Porsche Classic Mille Miglia: Strength in Numbers

Porsche Classic on the Mille Miglia is rich in shades of 1953’s “downright phalanx”. Mille Miglia – literally a thousand miles – is for cars approved by the FIA or FIVA that would have raced in period, so up to 1957, when the 24th and final Mille was run.

From the press release, it sounds like the Porsche museum is sending two Porsche 550 Spyders, 356 Speedster 1500, 356 Speedster 1600, 356 Speedster 1600 S and 356 Coupé, the so-called “Knickscheibe” (bent windscreen).

Hats off to Stuttgart if it really is sending all that precious metal. Entry fees for the Mille Miglia are €7260 per car, for three nights B&B, some parking and a road book. Single beds, additional stickers or road books for support crew, and parking for transporters while the race is going on are all extra. Times that by six cars, plus drivers and navigators, plus transport, plus support, plus PR, plus staff costs and I guess you are knocking on €200k, for three days driving around Brescia to get some promo pics. Heavy duty!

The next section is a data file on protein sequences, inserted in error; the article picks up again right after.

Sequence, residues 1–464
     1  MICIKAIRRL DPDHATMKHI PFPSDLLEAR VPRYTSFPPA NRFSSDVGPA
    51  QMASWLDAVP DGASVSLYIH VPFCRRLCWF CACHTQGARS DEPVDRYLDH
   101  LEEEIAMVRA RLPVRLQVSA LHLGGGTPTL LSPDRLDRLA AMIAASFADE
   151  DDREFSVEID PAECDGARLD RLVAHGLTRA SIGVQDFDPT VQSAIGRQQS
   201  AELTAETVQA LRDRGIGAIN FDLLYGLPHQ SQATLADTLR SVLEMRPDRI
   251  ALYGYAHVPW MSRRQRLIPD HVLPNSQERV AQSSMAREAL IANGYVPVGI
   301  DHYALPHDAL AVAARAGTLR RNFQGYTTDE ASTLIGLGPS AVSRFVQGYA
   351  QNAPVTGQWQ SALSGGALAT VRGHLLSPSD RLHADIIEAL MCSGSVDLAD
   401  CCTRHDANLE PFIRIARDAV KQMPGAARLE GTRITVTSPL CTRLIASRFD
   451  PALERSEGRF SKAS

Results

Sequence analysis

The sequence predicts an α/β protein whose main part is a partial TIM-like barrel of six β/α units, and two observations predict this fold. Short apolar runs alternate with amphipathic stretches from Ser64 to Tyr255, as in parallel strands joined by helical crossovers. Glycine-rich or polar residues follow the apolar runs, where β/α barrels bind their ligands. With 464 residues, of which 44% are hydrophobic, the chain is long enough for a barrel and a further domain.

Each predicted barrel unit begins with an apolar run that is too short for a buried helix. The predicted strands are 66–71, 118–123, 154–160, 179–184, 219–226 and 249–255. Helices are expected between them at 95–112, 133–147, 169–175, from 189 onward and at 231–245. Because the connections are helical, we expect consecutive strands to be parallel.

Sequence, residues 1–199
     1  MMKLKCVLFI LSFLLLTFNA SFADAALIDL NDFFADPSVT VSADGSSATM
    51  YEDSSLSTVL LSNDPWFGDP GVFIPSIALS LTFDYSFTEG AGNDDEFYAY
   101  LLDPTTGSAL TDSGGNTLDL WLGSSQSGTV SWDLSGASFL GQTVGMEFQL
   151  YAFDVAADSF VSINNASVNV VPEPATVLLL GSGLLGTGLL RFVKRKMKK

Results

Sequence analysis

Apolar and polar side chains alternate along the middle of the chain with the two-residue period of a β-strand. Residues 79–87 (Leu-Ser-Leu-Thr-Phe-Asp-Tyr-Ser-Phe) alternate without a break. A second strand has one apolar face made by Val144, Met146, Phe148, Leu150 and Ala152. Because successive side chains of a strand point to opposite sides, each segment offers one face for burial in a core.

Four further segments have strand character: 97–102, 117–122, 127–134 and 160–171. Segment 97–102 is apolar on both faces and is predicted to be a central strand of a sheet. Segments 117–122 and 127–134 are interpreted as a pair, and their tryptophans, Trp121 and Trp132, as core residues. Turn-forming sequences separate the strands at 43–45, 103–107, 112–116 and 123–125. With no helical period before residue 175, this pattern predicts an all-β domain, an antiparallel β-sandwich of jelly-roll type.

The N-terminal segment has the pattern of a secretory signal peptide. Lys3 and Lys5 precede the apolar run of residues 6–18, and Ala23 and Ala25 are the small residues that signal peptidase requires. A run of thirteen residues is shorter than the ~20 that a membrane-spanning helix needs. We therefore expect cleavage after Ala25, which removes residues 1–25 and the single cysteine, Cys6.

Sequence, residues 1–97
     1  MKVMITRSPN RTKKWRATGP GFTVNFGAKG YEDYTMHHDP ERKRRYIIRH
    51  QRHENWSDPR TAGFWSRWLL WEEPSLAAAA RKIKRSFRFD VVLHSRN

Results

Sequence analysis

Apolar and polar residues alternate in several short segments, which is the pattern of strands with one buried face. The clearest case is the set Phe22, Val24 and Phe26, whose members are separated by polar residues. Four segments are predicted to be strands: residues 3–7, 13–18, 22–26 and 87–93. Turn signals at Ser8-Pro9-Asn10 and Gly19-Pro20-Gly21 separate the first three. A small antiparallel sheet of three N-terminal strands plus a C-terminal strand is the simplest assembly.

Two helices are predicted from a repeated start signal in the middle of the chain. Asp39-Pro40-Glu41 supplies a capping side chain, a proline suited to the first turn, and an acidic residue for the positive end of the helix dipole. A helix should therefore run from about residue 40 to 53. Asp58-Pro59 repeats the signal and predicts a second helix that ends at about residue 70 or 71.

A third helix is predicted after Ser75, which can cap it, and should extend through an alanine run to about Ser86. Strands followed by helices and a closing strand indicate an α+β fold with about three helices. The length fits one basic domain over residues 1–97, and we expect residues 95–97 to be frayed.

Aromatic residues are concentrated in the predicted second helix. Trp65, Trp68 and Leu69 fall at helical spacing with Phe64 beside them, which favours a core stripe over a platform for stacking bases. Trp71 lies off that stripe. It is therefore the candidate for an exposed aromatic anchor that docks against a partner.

Of course, for some people, it’s a proper race: 1,600 kms in three days. A few years ago, I pitched a story idea to Porsche, to follow his highness Gijs van Lennep in the State of Art 550 Spyder around the Mille Miglia in a Boxster Spyder. Got big thumbs down on that one, but one of the days I will follow the race in a Boxster: the only modern Porsche worthy of the jaunt.

Before I leave, back to that fabulous word. In ancient Greece, phalanx was a military formation, made up of heavily armed troops in tightly packed ranks. The soldiers stood shoulder-to-shoulder, several rows deep, often with shields interlinked. It was a formidable force that was difficult to match. At the turn of the 20th century, a Munich art cluster including Bauhaus legend-to-be, Wassily Kandinksy, formed a group known as Phalanx “to oppose old-fashioned and conservative viewpoints in art”.

Combining the two interpretations, I doubt there is a better collective noun for racing Porsches than ‘phalanx’. An impenetrable group of conquering soldiers, opposed to old fashioned concepts in art? That’ll do nicely, phalanx.

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